A couple of months ago I learned one or two pieces in Book 4 of Bela Bartok’s Mikrokosmos. And recently one of the people on the Xenharmonic Alliance II group on Facebook posted a link to a really nice piece for solo piano (digital, of course) in 17-note equal temperament.
Inspired by that piece, I figured I’d try my hand at a Mikrokosmos-style piece — short, melodic, and harmonically modern, in 17et. It only took a few hours to whip something up:
I enjoyed the process so much that a few days later I tried again:
In case you’re curious: No, these weren’t played in real time. There’s a lot of hand-editing of note lengths and velocities, quantizing, trying different harmonies by dragging the notes up and down, and manually adjusting the tempo here and there.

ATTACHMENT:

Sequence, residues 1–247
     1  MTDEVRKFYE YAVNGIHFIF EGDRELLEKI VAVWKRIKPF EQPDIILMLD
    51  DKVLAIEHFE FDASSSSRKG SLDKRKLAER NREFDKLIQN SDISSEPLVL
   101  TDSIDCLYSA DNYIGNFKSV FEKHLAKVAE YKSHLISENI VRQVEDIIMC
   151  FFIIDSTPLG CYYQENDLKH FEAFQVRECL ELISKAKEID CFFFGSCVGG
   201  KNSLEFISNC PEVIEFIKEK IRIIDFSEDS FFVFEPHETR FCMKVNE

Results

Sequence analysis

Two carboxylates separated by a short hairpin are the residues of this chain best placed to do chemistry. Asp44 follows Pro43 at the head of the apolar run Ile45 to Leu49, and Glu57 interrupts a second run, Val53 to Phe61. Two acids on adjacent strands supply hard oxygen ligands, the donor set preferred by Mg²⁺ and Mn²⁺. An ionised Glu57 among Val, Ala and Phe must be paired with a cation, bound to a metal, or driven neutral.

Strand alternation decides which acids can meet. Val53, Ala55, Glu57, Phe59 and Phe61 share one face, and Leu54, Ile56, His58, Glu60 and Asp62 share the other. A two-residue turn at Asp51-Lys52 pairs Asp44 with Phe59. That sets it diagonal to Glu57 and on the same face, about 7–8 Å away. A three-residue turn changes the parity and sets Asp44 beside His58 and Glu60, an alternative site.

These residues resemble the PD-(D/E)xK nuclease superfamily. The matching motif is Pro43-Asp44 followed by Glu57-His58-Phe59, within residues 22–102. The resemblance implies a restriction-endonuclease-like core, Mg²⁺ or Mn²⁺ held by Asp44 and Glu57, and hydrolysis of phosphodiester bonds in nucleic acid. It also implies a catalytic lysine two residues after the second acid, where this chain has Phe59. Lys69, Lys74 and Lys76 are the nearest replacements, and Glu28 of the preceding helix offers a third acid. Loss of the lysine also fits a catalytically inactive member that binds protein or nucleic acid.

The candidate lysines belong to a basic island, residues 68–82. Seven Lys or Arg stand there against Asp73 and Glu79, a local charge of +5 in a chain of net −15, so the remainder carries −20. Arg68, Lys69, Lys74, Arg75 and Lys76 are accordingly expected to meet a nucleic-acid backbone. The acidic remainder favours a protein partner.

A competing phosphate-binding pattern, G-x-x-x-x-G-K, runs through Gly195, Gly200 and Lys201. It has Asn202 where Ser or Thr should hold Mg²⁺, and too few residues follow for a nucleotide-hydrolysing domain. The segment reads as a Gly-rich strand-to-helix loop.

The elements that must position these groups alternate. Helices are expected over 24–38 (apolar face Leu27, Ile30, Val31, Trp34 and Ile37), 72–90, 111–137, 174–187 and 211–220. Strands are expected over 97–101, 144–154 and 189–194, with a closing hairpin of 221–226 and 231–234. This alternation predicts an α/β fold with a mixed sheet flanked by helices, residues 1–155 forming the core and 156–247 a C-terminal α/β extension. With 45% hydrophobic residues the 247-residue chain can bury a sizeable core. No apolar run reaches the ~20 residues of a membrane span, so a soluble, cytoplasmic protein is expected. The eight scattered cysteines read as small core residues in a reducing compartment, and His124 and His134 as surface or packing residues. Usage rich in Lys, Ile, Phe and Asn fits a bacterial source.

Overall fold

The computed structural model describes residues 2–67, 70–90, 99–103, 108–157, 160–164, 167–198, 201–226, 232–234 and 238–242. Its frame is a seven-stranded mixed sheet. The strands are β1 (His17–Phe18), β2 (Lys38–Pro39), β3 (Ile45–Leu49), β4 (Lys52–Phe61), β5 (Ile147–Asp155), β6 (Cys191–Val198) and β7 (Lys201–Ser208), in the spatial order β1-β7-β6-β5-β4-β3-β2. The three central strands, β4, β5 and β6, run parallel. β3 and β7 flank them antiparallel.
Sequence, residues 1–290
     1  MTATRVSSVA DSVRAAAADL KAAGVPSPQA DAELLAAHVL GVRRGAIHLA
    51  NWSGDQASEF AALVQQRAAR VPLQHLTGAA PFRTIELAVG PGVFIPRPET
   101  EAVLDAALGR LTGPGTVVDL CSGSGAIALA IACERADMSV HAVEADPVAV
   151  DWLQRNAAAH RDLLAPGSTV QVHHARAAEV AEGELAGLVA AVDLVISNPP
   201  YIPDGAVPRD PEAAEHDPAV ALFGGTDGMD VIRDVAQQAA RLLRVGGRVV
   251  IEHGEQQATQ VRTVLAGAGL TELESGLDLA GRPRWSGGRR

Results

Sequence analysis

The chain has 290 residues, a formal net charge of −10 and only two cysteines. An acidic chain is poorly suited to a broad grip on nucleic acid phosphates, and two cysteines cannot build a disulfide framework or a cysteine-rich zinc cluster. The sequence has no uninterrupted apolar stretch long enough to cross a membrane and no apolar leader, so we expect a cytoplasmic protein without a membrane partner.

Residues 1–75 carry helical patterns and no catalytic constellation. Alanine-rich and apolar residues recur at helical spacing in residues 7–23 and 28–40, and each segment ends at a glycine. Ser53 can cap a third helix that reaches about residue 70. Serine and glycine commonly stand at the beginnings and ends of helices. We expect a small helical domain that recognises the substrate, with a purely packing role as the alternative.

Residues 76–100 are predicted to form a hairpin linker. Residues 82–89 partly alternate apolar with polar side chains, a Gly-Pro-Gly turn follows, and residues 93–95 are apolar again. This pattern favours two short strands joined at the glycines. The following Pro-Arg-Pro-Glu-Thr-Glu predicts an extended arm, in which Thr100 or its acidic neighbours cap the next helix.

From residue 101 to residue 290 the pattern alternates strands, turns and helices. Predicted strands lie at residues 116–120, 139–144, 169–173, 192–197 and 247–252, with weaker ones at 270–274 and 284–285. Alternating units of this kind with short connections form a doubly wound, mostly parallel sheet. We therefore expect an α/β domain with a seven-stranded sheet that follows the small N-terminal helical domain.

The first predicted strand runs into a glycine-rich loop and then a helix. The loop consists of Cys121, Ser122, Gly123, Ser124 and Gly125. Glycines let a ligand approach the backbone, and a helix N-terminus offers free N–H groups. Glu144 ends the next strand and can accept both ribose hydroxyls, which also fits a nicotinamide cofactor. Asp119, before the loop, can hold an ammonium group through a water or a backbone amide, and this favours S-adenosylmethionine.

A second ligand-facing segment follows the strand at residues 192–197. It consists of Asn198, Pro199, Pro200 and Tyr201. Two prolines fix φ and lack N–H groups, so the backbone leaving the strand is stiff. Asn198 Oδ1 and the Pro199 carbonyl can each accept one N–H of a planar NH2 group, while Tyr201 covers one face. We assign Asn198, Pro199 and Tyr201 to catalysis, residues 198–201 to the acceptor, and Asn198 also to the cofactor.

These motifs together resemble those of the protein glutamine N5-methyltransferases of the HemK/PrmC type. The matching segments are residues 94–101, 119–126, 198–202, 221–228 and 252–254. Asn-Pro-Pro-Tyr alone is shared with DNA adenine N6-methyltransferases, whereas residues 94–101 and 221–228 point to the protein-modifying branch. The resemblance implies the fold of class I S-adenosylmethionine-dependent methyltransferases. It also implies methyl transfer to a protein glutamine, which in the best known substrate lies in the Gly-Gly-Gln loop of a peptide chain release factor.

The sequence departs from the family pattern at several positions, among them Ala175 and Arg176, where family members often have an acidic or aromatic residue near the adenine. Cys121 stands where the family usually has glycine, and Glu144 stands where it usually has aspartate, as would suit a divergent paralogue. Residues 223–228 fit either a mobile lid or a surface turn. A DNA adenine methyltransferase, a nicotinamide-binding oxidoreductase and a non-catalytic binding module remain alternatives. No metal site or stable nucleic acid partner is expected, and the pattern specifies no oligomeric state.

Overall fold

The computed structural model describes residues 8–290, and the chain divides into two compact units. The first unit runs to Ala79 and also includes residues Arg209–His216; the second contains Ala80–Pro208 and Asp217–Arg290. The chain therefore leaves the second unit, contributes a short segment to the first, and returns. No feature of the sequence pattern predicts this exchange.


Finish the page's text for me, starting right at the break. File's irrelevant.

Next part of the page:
If I do more of these, I’m going to have to call the series “Tiny Everything,” so the first piece needs its own name. How about “Antic”? The second piece, with those heavy minor chords in the lower register, seems to be called “Gloom.”
I’m still foodling with the question of how best to notate a 17-note scale on a conventional five-line staff. Or even whether to bother. If you look at the Wikipedia article on 17et, you’ll find Easley Blackwood’s method. Easley obviously put a lot of thought into questions of this sort, but I find it odd that his chromatic scale zigzags. The first three notes, for instance, are C, D-flat, and then C-sharp. Also, with his method the interval of a neutral third (which divides the perfect fifth evenly) is spelled either as an augmented second or as a diminished fourth, never as a third. Read the rest of this entry »